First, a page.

Possible Pairings: The Game of Love and Death by Martha Brockenbrough, The Careful Undressing of Love by Corey Ann Haydu, All American Boys by Brendan Kiely and Jason Reynolds, But Then I Came Back by Estelle Laure, Rhythm Ride: A Road Trip Through the Motown Sound by Andrea Davis Pinkney, The Sky is Everywhere by Jandy Nelson, Bone Gap by Laura Ruby, Saint Death by Marcus Sedgwick, Dear Martin by Nic Stone, The Sun is Also a Star by Nicola Yoon, Places No One Knows by Brenna Yovanoff, The Book Thief by Markus Zusak

This weekend I read American Street by Ibi Zoboi and it should definitely be on your radar. Fabiola Toussaint and her mother arrive in the United States eager to join Fabiola's aunt and cousins. But her mother is detained by ICE at a facility in New Jersey and Fabiola arrives alone. Fabiola finds new friends and first love, but she also learns that nothing in America is what she imagined back home in Haiti–not even her new home with family at the corner of American Street and Joy Road. 🔮 Fabiola clings to her faith and her Vodou iwas for guidance but she isn't sure that Papa Legba's riddles or help from other iwas like beautiful Ezili will be enough to protect her family and bring her mother to her side. How much will Fabiola have to sacrifice to help her mother and herself become American and grab their own small piece of joy? How far would you go for the same thing? 🔮 #bookstagram #goodreads #instabook #instareads #bibliophile #books #reading #currentlyreading #amreading #bookworm #bookish #bookgram #booktography #bookblogging #bookblogger #bookphotography #books #americanstreet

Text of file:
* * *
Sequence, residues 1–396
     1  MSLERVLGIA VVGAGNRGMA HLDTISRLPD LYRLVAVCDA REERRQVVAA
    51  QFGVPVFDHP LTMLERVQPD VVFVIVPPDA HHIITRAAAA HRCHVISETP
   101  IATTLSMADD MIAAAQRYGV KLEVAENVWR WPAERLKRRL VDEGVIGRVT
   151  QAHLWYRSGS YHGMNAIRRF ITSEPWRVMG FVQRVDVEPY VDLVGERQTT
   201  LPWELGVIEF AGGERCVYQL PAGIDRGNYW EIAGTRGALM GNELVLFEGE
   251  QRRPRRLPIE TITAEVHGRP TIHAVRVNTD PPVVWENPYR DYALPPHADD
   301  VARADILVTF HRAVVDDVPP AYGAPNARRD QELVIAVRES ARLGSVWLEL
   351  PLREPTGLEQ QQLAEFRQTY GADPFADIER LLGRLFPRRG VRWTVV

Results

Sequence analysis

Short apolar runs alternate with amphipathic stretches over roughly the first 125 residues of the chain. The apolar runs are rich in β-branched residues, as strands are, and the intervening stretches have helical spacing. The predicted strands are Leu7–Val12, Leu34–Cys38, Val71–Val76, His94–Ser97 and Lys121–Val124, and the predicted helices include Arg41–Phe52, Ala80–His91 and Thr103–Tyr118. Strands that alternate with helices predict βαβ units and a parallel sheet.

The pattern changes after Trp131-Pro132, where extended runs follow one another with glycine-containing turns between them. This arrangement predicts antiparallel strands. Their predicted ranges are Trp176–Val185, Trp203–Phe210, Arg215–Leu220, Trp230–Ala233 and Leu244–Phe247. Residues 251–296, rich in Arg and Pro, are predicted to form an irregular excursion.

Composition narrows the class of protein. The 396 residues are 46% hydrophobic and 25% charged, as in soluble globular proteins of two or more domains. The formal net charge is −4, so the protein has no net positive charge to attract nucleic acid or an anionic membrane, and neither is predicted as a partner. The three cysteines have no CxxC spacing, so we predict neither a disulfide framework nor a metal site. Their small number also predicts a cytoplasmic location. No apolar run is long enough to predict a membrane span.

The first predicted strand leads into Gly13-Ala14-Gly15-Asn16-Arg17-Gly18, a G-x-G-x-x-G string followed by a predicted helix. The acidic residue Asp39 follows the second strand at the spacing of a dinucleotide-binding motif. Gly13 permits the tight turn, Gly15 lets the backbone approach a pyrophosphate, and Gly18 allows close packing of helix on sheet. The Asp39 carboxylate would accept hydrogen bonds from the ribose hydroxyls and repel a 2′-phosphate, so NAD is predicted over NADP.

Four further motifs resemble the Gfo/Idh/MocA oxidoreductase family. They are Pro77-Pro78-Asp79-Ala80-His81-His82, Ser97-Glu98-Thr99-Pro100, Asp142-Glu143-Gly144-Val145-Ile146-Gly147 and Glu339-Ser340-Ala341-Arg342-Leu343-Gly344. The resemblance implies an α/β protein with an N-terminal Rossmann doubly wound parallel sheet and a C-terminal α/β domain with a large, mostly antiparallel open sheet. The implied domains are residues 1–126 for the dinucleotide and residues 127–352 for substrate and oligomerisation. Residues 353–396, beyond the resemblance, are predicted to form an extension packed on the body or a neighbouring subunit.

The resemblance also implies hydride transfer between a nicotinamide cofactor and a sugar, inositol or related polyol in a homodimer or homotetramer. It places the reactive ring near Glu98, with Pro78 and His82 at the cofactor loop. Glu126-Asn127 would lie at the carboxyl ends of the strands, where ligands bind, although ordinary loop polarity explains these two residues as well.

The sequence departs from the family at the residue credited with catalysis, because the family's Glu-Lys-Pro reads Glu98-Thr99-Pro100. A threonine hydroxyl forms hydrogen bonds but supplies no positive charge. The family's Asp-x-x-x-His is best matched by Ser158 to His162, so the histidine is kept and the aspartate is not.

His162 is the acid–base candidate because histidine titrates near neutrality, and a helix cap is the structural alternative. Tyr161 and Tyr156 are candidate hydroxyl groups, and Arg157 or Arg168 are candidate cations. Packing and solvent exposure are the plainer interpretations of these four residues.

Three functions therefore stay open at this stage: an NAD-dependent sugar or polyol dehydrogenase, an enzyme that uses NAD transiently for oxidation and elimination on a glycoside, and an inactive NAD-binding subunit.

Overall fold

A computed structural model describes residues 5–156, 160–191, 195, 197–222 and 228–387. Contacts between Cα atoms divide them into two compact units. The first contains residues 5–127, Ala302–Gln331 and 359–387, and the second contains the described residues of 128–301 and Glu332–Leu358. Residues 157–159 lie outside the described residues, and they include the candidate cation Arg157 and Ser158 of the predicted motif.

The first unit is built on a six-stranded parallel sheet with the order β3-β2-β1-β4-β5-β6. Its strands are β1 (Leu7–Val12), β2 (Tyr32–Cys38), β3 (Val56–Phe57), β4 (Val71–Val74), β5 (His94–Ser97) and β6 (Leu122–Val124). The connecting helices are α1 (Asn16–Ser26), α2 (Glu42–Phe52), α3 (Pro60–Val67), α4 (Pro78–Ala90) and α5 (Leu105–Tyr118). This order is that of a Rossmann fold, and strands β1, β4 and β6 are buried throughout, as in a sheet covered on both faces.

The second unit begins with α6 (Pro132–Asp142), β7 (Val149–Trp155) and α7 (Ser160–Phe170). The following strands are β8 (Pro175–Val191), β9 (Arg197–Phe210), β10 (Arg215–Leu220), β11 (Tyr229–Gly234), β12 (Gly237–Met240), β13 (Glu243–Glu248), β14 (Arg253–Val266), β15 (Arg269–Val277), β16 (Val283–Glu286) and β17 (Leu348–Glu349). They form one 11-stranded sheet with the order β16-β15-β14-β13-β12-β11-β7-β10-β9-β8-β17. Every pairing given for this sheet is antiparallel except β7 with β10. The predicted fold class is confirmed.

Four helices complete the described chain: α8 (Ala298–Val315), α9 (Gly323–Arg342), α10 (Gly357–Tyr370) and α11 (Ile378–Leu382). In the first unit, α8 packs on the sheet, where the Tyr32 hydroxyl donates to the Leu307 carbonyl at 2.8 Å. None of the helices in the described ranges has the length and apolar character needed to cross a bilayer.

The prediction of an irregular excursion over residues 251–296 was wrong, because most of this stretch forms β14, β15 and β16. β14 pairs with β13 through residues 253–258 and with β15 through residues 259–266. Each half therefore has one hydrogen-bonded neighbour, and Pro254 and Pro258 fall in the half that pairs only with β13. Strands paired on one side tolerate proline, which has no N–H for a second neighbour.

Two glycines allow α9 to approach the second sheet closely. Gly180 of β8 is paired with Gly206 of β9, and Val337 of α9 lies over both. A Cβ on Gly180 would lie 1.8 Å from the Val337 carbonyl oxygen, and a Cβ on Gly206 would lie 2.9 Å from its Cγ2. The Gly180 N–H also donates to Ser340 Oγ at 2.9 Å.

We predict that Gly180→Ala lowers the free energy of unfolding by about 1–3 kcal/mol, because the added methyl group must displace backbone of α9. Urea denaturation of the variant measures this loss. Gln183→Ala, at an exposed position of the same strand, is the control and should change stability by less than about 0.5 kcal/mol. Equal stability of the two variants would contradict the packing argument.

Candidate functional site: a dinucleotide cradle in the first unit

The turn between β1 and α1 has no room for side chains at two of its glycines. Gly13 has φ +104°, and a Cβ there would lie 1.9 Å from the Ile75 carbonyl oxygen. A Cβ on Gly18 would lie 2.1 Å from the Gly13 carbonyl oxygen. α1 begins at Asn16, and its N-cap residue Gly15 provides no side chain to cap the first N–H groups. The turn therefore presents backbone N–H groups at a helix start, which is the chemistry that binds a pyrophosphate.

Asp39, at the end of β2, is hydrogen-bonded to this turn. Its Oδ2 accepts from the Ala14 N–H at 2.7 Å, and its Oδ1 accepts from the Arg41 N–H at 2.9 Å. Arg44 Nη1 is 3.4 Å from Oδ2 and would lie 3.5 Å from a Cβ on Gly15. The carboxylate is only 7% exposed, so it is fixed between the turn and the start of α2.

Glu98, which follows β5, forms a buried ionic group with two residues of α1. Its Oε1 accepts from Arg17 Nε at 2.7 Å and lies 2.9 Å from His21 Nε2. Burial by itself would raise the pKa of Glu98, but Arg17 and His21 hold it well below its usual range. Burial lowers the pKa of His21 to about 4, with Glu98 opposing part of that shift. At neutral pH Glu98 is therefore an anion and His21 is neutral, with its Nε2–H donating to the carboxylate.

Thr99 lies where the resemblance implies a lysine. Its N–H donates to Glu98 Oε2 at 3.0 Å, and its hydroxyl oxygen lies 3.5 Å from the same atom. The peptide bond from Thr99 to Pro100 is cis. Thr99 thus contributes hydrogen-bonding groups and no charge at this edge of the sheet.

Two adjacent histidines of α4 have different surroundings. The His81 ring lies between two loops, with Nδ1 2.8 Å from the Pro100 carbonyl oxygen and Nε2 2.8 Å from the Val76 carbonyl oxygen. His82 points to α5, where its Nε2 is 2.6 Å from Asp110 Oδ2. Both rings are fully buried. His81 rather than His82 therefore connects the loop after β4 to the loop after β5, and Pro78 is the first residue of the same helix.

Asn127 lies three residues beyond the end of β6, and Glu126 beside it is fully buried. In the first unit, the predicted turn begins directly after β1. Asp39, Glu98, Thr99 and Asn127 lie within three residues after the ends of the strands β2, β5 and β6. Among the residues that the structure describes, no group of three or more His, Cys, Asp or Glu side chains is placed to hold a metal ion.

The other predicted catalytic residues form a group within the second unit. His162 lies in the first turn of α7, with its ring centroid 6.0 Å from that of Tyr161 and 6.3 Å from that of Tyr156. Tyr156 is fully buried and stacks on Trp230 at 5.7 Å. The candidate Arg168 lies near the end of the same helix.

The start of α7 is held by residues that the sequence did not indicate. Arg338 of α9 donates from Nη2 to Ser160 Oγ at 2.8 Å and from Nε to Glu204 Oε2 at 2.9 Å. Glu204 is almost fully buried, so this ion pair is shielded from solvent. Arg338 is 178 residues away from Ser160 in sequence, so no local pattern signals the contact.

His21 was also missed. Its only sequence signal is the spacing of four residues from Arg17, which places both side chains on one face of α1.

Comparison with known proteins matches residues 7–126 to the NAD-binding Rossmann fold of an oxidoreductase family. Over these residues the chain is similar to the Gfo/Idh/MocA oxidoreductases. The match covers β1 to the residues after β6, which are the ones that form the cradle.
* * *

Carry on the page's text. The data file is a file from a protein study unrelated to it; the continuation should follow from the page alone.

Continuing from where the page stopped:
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The Art of Holding On and Letting Go: A Review

The Art of Holding On and Letting Go by Kristin Bartley LenzCara Jenkins is a nationally ranked competitive climber. Homeschooled by her mountaineer parents, Cara has always felt at home on rock faces and cliffs. When disaster strikes during a climb in Ecuador, Cara’s carefully ordered world is completely upended.

While her parents struggle to move on in Ecuador, Cara finds herself living with her grandparents in Detroit and entering a traditional high school for the first time.

Determined to give up climbing in her grief, Cara will have to figure out who she is on the ground as she makes new friends, discovers first love, and tries to figure out how to move past the one climb that changed everything for her and her family in The Art of Holding On and Letting Go (2016) by Kristin Bartley Lenz.

The Art of Holding On and Letting Go is Lenz’s first novel.

Cara is a thoughtful and methodical narrator with a voice that is as measured as her rock climbing paths at the start of the novel. Lenz expertly conveys the world of rock climbing and complex terminology while expanding Cara’s world with her move to Detroit.

While this story starts with a tragedy, The Art of Holding On and Letting Go is ultimately hopeful as Cara learns that there are many ways to find her place and leave her mark on the world.

Possible Pairings: Tell Me Three Things by Julie Buxbaum, Stupid Fast by Geoff Herbach, Finding Audrey by Sophie Kinsella, The Sky is Everywhere by Jandy Nelson, The Summer of Chasing Mermaids by Sarah Ockler, Summer of Sloane by Erin L. Schneider, Girl Against the Universe by Paula Stokes